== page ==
But London was also the most volatile and influential of the many local communities which made up Early Modern England, as well as by far the richest and most populous. The history of the 16th-century religious changes in London is in principle no different from the history of these developments elsewhere. It had to do with the abandonment, partly constrained, partly voluntary, of old entrenched beliefs and of the practices, institutions and interests associated with them; and with the adoption of a new theology which altered the motivation and substance of religious and charitable aspirations and foundations and much else besides. But, to say the very least, the locality of London had a unique capacity to convert the rest of the realm. According to an Elizabethan bishop, ‘if London were reformed, all the realm would soon follow.’ As was said of another metropolis and the cause of Catholic Counter-Reformation: ‘to purge Rome would be to purge the world.’
From this it follows that London and the Reformation contains at one and the same time an important account of national events, from a central vantage-point, and a reconstruction of Protestantising processes in the most sensitive of all localities: here is the local history of the Reformation for which we have all been waiting, a work of greater importance than any of the county studies which have appeared.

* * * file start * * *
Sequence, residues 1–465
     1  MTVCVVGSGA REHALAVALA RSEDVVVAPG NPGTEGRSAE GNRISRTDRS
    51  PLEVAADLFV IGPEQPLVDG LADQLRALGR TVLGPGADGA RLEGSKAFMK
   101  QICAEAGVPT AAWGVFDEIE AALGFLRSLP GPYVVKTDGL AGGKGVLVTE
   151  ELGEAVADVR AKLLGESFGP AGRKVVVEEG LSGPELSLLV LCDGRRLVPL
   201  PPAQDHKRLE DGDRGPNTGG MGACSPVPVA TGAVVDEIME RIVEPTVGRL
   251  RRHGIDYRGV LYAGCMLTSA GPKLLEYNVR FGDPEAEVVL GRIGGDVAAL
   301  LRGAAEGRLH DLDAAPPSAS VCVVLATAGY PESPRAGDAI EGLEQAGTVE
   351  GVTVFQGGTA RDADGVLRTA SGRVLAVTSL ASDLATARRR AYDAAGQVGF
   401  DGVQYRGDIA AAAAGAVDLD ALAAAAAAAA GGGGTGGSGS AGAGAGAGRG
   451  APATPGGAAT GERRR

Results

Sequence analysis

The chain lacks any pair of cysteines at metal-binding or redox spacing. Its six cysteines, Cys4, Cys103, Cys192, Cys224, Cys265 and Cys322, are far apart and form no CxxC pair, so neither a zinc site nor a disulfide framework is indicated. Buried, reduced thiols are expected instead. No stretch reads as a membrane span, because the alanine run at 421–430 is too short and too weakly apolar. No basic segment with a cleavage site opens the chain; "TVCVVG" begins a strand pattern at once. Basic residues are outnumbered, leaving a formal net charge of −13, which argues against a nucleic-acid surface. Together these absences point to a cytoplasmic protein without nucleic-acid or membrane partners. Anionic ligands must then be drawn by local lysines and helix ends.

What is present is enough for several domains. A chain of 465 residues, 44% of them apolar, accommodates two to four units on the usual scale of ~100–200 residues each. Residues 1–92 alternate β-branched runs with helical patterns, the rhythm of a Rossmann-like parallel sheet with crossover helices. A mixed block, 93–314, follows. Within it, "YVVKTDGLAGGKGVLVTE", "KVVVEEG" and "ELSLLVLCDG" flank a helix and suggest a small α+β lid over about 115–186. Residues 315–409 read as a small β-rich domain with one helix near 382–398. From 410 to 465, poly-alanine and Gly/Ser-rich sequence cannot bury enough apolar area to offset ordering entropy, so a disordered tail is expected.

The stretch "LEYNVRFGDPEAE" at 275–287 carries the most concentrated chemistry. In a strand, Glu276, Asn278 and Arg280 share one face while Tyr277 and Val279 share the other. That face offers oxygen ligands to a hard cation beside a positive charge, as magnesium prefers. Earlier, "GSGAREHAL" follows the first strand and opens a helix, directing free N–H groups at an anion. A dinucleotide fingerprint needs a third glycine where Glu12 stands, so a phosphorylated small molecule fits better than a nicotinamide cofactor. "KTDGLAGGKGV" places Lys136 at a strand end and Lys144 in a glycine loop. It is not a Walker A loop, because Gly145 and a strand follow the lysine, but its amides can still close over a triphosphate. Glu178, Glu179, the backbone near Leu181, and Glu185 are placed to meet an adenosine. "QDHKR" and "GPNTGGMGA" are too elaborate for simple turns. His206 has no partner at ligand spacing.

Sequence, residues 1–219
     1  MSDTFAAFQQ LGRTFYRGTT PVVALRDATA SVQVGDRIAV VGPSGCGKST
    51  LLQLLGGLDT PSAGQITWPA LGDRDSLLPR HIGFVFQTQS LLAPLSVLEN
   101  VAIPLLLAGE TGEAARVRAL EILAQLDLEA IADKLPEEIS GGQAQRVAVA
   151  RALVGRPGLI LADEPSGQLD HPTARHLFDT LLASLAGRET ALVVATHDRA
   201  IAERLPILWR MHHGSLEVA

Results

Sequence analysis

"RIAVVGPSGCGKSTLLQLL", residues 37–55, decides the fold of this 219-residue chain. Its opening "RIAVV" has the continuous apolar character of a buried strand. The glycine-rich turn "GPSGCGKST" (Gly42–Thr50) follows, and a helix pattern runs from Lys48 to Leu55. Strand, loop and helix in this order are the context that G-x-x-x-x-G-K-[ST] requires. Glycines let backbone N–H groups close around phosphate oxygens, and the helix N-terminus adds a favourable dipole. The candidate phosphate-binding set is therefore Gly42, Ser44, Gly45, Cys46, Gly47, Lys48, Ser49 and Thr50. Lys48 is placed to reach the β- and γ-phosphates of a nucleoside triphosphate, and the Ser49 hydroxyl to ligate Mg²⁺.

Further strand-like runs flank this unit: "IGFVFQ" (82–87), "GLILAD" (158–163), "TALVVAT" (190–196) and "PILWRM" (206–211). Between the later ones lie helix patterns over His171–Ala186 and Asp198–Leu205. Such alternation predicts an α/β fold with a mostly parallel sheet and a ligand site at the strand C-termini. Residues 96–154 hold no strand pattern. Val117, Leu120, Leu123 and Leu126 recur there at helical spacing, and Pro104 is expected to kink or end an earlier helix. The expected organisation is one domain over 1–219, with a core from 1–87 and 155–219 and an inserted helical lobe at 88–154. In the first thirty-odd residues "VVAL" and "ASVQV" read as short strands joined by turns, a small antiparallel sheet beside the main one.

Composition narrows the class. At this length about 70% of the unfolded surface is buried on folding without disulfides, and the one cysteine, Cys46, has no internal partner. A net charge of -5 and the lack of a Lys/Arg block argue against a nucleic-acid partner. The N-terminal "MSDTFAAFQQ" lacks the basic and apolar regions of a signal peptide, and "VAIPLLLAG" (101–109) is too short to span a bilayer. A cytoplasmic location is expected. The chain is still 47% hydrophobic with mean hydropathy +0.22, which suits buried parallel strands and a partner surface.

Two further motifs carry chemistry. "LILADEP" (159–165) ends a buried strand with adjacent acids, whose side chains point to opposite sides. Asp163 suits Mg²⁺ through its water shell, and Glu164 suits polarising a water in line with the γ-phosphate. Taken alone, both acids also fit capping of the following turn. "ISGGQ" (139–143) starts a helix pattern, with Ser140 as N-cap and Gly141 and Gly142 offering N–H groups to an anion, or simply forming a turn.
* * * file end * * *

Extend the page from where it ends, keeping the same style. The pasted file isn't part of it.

Susan Brigden’s over-arching theme is of a world of shared faith broken, a Christian community irreparably divided. This was how the London annalist John Stow, who lived through the entire process, understood it, with much nostalgic mourning for all those seasonal rituals and festivals and the social reconciliation they symbolised, a slightly more sophisticated version of the common saying that it was a merry world when the old religion still prevailed and you could buy a dozen eggs for a penny. Indeed, a significant fragment of Stow’s childhood memories was of buying a quart of milk hot from the cow for a halfpenny, a stone’s throw from the Tower. (Stow did not openly deplore the loss of the Mass, or of prayers for the dead, but writing, under Elizabeth’s Protestant government, he couldn’t, could he?)
Susan Brigden, with scholarship rather than sentiment, confirms many features of the world which Stow had lost, an appropriately iconic account of a universe of religious plenitude in which every space was covered with ‘gay outward things’. But the critic may well ask whether, any more than Stow, she has avoided looking at this lost world through rose-tinted spectacles. How sure can we be that the pre-Reformation city enjoyed unity in religion? If it did, in any significant measure, this was a unity secured through the reconciliation of difference and diversity, the diversity of 106 parishes, perhaps as many as a hundred religious fraternities, both parochial and trans-parochial, and of many other professional and commercial institutions which gave to a high proportion of householders a significant social and even political role to play, and to everyone a place. Faith, one faith, was both anchor and social cement, the source not only of charity but of a general integrity. Breach of faith was the least forgivable of sins. So everyone said. But whether citizens were so universally faithful, charitable and honest is of course a question beyond the historian’s scope. It is necessary to be on one’s guard against the insidiousness of the devout rhetoric used when drafting a will, or appropriate to other occasions conducive to good behaviour.